Opinion
Expat sees corn crisis looming. deposit photos

Prepare for the worst: corn supplies may have serious repercussions for Mexico

Global realities predicted to have severe effect on Mexicans living below poverty line

Back in the late 1980s and leading up to the North American Free Trade Agreement (NAFTA), the PYMES (small and medium size companies) did not understand the effects of the opening of the Mexican economy to foreign investment.

My two Mexican partners and I attended a conference where the speaker kept repeating, “Hope for the best but prepare for the worst.” We followed the advice and survived, but many in the middle class did not and soon found themselves facing bankruptcy.

Today Mexico is facing the same problem and those most affected are the 47% (AMLO’s latest figures) of those living below the poverty line and are paying no attention. The key word is corn. To summarize: The four largest exporting countries of corn are the United States, Argentina, Brazil, and Ukraine. The second largest importer of corn in the world is Mexico, where the product is the most important food staple for the making of tortillas.

They are also not aware that parts of the Midwest of the United States where corn is harvested have been suffering from drought, nor are they aware that President Biden insists that the growers of corn turn this into ethanol as a substitute in light of growing gasoline prices.

The poor may be aware that there is a war going on between Russia and Ukraine but have no idea that globally this has affected the supply of corn in the world.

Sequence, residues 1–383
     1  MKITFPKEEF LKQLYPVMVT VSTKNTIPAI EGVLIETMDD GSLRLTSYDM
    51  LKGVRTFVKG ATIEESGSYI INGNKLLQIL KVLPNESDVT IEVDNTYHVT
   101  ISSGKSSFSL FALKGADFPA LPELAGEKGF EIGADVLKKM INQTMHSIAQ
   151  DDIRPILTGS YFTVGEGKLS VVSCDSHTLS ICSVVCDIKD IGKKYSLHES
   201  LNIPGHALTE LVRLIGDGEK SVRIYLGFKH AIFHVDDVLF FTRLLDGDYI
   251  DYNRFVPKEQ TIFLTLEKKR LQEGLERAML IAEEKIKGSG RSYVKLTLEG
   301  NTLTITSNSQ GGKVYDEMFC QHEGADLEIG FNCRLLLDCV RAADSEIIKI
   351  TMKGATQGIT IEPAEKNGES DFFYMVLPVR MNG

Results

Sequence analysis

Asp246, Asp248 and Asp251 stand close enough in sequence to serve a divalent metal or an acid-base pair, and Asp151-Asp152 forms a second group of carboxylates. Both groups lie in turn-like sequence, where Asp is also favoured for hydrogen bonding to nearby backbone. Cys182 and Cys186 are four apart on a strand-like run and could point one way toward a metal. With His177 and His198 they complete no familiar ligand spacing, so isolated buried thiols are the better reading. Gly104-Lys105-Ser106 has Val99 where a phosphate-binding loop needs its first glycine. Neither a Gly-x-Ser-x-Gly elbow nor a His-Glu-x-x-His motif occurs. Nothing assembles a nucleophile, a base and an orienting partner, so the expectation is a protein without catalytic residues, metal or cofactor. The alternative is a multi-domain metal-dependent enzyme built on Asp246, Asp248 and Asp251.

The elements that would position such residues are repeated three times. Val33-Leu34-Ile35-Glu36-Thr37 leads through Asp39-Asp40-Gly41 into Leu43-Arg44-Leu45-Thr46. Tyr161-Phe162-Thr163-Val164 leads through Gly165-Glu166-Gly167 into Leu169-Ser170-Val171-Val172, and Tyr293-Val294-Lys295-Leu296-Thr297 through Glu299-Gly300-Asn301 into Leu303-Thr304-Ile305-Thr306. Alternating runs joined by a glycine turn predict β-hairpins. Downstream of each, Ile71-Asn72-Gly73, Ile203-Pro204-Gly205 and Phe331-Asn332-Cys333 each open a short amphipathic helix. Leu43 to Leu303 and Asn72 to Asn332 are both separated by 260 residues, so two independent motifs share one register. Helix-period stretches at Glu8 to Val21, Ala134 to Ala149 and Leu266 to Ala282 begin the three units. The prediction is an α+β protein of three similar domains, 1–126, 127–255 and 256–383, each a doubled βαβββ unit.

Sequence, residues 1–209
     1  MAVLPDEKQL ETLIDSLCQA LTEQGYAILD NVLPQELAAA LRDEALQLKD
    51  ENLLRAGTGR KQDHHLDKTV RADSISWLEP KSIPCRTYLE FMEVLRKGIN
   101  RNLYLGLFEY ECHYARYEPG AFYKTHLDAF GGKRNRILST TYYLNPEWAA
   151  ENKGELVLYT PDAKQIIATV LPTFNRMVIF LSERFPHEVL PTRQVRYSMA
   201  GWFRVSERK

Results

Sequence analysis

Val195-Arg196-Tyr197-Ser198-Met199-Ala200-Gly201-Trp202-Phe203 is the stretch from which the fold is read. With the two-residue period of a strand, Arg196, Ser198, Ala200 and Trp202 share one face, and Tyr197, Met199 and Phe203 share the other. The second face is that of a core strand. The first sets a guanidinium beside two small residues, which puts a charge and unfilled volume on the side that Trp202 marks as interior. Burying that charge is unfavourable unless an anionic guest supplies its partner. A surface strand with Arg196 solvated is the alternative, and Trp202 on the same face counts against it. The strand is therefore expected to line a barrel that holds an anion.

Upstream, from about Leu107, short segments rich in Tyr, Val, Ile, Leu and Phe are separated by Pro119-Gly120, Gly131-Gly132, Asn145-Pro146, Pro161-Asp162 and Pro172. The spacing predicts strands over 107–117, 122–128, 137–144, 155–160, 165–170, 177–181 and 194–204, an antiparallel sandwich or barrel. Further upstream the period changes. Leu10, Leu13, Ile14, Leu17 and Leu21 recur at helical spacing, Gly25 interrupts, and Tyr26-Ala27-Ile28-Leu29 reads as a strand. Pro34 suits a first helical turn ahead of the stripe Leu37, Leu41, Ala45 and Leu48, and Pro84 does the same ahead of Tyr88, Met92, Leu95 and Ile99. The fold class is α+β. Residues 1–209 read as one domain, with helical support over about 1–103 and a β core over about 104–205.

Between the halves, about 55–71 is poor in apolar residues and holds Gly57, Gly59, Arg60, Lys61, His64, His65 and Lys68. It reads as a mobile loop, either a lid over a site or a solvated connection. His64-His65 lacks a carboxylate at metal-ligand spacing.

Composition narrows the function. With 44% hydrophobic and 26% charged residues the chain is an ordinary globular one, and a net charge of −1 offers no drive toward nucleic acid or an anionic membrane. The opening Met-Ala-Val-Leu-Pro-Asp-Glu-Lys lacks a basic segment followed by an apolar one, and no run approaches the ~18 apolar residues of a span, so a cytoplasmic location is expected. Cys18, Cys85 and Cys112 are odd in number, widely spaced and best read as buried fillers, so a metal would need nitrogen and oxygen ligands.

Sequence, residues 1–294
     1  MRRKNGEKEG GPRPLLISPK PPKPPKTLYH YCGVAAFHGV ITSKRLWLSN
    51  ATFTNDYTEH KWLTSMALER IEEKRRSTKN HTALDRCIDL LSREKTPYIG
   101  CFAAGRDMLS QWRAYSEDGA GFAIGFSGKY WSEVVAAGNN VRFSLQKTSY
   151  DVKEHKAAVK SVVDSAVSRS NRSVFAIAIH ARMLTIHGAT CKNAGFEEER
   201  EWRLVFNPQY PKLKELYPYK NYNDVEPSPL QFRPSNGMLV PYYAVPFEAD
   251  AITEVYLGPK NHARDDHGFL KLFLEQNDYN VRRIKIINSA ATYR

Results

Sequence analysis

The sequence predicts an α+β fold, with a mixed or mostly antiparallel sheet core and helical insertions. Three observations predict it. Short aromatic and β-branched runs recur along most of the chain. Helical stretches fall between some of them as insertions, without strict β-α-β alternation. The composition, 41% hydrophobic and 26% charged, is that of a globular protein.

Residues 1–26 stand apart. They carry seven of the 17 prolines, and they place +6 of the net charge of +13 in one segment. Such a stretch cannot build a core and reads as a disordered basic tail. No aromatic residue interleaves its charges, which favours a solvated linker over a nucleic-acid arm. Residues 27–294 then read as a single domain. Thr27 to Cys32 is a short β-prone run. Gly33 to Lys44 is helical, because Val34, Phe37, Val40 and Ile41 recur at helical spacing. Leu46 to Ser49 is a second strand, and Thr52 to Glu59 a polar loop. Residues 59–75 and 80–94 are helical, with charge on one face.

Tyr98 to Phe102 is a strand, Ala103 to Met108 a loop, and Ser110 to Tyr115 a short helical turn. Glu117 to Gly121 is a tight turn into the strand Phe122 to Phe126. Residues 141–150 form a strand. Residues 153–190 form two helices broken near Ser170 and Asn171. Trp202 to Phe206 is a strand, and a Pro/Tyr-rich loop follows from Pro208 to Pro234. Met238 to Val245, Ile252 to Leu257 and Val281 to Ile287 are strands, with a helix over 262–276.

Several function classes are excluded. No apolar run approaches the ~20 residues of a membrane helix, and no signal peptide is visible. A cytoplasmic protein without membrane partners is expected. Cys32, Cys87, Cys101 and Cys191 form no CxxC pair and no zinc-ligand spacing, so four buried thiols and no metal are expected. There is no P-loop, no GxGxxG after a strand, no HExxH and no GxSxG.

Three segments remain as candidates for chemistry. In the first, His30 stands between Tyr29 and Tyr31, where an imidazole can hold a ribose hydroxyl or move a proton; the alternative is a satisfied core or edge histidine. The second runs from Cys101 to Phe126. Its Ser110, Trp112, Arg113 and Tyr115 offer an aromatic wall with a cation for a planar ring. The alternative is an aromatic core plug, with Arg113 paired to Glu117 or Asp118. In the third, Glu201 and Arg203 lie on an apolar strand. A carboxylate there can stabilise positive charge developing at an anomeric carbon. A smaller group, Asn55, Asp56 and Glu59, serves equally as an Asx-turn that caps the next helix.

Those Mexicans living below the poverty line, what the sociologist Oscar Lewis called “The Culture Of Poverty” based on two books titled The Children of Sanchez and Five Families, are totally unaware of these global realities that will inevitably have a serious effect on their well-being. The word partial famine comes to mind.

What does this have to do with the expat community? It behooves every one of us to talk to those Mexicans who work for us and explain these realities by advising them to save as much money as possible for the upcoming crisis. As an example, my gardener and handyman has many part-time jobs so he can invest in building a home for his wife and three-year-old daughter.

I told him, “Stop investing your money in a new home for the time being and concentrate on feeding your family. Hope for the best, but prepare for the worst.”

I hope he listens, but I have my doubts. It’s the effort that counts.

Beldon Butterfield is a writer and former publisher and media representative. He is retired and lives in San Miguel de Allende.

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